I was always in the (Standard guide rod vs. full length guide rod) dilemma with my 1911 pistols, but now with my MK9 I entered a new quandary about guide rods and the like. (Captive or Non-Captive). All I knew for sure was that I didn't want a "Plastic" guide rod on my All Stainless MK9. I got some help on line, but most of all the chatter was dealing with personal "Likes" and "Dislikes" rather than any substantive facts or issues.
I got the basic idea though. A captive system made for easier and quicker disassembly and reassembly whereas a non captive system provided for easier spring changes. I figured that once I found the "spring" that I was after, then that would be it and "Spring Changes" would be few and far between, right? Well I also knew that I'd wanted to get some aftermarket springs from Wolff and found that they not only sold springs for my gun, but guide rod setups as well. So I finally had a manufacturer to add into the discussion about captive or non-captive. A biased viewpoint was quickly seen there though as "Non-Captive" was the mantra with "quick spring changes" the reason. Even and explanation for the "quick spring changes" Not only to find that perfect first spring for one's tastes, but now to equal extremes in your loads. Shoot some heavier stuff? Change your springs. Shoot some target rounds at the range? Change your springs. Shoot some competition rounds? Change your springs. To hear Wolff talk I'd of needed a case just to tote all the action springs I'd be taking along with me. NOT for me as I like to keep things as simple as possible.
So I figured that I'd go captive on my new gun, after all that's how is was shipped in the first place. Well I had to make some decision since the only way to get to the springs of a new Kahr was to CUT, yep that's it CUT the guide rod and catch the pieces that go shooting out all over the place. I did so and then I took a look at what the factory had provided. Seems like I'll be able to use the outer (larger tube) guide rod. Especially since it was out of stainless and the Wolff one (even though they spent the better part of their advertising bad mouthing plastic parts) was made of plastic. I found that last situation especially funny. So I gathered together the new 18.5 Wolff spring set and the original factory outer guide rod tube and laid them in order. Now the guide rod itself???
I didn't like going "blue steel" on this part (the way it comes from Wolff), and Kahr did offer an all stainless one in the Kahr Store (why don't they put that on the guns as they leave the factory???? after all, the guns are expensive enough to think that extra cost wouldn't be a problem for Kahr). On the Kahr part, it comes in two pieces with a solid flange ended rod capped with another flange screw on the muzzle end of the rod. Instructions state to bury the threads in a quality thread locker. Well, I just didn't like that idea because I've had even the "Red" thread locker come undone on occasion. I can just see me with flashlight in hand searching for the flange screw as it shot off the end of the gun during a shooting session. Again, not for me. I did have the Wolff, all metal (steel that is, albeit blue steel) guide rod??? Hmmm? What to do?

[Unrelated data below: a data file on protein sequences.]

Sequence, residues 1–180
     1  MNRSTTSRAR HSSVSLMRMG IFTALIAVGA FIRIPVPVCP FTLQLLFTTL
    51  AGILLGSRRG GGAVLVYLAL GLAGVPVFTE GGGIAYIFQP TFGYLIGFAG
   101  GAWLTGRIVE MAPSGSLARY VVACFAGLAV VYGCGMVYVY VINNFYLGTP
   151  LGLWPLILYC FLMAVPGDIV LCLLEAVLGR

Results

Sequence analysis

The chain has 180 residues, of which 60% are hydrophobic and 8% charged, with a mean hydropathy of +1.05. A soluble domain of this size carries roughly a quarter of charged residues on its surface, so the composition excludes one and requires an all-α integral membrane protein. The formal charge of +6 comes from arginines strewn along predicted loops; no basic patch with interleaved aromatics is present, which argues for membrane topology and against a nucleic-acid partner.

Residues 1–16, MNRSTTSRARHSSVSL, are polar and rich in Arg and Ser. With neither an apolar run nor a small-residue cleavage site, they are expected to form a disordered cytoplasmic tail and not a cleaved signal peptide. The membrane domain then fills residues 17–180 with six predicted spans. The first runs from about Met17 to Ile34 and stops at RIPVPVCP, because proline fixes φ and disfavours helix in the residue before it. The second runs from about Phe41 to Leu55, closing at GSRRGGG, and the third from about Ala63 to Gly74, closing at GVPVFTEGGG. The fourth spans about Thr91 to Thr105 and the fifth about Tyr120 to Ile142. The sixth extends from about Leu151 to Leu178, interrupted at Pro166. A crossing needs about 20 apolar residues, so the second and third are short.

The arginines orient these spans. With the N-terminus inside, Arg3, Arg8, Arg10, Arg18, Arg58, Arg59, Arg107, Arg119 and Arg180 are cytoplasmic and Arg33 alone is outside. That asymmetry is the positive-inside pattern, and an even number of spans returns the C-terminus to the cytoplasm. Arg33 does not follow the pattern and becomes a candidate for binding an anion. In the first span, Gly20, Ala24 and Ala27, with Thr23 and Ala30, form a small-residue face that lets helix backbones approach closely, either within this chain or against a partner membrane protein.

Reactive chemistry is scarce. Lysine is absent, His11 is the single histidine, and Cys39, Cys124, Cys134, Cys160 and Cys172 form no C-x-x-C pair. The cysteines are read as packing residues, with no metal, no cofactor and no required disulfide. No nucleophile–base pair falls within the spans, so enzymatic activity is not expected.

I had so many parts laying about my wife asked me just how many Kahr "New Pistols" did I have and was working on? So finally I tried out a few combinations and found the "captive" version was a pain to get put together in the first place so it went to the back burner for awhile. All plastic parts (Even new Wolff ones) went into the "I don't think so" bucket and I was slowly paring down my parts until I was left with the minimum necessary to get the gun to function. What I ended up with was two new Wolff action springs (long skinny one and shorter fat one), A Wolff all steel guide rod. A factory Kahr stainless guide rod tube and that was it.
What I found was that the "springs" counting all items that went with them to put between barrel lug and slide was simple enough to put together, but additionally it was quite simple to install into the gun. All the "Captive folk" were saying how incredibly difficult it was to install loose action springs and rods into their Kahr pistol and when you went to strip the gun, all of those parts went sailing across the room. I found none of that to be true. With the slide off the gun, the guide rod came up from the inverted barrel lug and into my hand without issue and the springs along with them. To install the assembly of parts back into the gun took no more effort than that. Get the parts laid out in the correct order, slip the large spring, muzzle end of the guide rod into its spot in the slide and push the flange side into its notch in the barrel lug. What could be simpler than that? Nothing I tell you.
I found that in most cases, people will tell you what they want you to hear and to do. If they want to sell you a bunch of springs, then they will promote a system that allows for quicker spring changes even if that might not be the best choice. The other group will (I feel) bemoan the competing system in an effort to support their preference.
I found that by going Non-Captive I could get the parts in the materials I preferred and it was easy to install and to work with and I will be able to keep all of those parts clean every time I go out and shoot. Smithy.